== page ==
The ESA may have officially canceled E3, but publishers and console manufacturers are already lining up to offer alternative digital events.
It’s official. The Entertainment Software Association corroborated the widely-circulated rumors of the imminent cancellation of E3 this afternoon.
For the first time in 25 years, E3 is off, and the Los Angeles Convention Center won’t be the epicenter of the gaming world for a few short days in June.
After careful consultation with our member companies regarding the health and safety of everyone in our industry – our fans, our employees, our exhibitors, and our longtime E3 partners – we have made the difficult decision to cancel E3 2020, scheduled for June 9-11 in Los Angeles.
Publishers, developers, industry insiders, and console manufacturers lined up to pay their respects in the wake of the news.
But, it’s not all doom and gloom – and it certainly won’t ruin your summer.
We’ll still be getting our fix our video game reveals and announcements come June if early mentions of alternative plans are anything to go by.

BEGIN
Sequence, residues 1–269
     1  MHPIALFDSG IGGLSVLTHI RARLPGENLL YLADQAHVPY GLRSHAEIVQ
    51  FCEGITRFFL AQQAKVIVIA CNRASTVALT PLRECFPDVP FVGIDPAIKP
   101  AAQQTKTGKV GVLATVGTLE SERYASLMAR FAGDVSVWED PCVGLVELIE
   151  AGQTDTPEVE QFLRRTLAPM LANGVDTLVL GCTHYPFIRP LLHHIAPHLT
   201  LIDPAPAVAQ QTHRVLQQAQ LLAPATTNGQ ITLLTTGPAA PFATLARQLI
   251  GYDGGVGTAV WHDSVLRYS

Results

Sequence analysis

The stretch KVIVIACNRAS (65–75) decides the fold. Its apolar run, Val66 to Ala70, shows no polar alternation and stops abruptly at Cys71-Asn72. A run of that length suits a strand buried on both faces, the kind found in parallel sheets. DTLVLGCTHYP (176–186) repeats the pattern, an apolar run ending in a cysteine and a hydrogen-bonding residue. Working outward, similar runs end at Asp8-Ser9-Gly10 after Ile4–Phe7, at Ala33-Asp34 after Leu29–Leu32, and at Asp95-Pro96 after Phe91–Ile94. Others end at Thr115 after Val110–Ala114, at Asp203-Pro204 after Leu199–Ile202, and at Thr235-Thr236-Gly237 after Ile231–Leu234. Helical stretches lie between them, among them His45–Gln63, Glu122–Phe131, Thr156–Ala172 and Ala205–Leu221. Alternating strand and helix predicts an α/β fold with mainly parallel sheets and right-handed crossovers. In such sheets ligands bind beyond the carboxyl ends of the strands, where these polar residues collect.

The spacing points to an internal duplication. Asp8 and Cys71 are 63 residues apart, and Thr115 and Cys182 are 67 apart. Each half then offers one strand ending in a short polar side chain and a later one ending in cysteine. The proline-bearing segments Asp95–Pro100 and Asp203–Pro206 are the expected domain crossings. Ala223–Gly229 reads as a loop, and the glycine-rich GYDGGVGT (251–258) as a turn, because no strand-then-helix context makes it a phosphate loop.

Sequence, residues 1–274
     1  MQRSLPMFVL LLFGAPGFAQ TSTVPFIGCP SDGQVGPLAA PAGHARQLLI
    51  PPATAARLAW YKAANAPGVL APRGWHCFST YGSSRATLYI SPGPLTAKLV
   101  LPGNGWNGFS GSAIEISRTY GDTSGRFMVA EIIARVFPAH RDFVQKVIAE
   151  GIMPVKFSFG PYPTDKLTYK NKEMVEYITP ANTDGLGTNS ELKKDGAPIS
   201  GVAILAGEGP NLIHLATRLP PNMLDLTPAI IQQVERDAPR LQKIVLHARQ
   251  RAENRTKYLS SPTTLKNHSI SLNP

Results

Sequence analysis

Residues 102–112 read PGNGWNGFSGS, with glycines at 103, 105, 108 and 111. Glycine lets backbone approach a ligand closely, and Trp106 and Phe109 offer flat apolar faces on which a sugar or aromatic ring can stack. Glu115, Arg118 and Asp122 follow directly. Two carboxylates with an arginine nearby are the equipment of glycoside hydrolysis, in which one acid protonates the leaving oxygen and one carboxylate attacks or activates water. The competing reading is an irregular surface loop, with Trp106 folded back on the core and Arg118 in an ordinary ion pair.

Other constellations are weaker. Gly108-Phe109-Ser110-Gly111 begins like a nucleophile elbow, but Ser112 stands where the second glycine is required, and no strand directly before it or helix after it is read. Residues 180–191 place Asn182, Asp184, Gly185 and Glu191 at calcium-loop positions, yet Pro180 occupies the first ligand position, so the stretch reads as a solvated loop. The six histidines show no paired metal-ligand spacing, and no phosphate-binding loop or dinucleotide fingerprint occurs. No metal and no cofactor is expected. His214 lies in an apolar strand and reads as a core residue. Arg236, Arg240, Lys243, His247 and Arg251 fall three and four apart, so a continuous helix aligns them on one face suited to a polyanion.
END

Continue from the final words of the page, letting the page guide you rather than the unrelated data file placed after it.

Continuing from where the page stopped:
The ESA says it is investigating “an online experience to showcase industry announcements and news” in place of the expo.
We imagine something along the lines of what has been put in place after GDC was canceled last month. The organizers will stream talks and panels online next week, including fresh Xbox Series X news from Microsoft.
Similarly, Xbox head Phil Spencer revealed that contingency plans were afoot in Microsoft’s camp.
Speaking of the cancellation just minutes after it was announced, he said;
Given this decision, this year, we’ll celebrate the next generation of gaming with the Xbox community and all who love to play via an Xbox digital event. Details on timing and more in the coming weeks.
Ubisoft, who stands among the major publishers to grace the event each year, is “exploring other options for a digital experience.”
As for other publishers we can expect to hear from in June, EA already hosts its own EA Play event on the sidelines of E3. Nintendo is likely to continue its pre-recorded Nintendo Direct.
Sony has already confirmed it’s opting out of E3 for the second year running, so nothing’s changed on that front.
For the average player unable to attend E3, we can expect something akin to business as usual. Signs point to a decent selection of reveals and announcements in digital form.
The real impact will be elsewhere. Smaller developers will miss out on the opportunity to broker deals born of chance meetings at E3. These can often define their futures and provide exposure to games that would otherwise have gone unnoticed.
Those repercussions are hard to gauge right now, but they may be wide-reaching for many developers.
This article was edited by Josiah Wilmoth.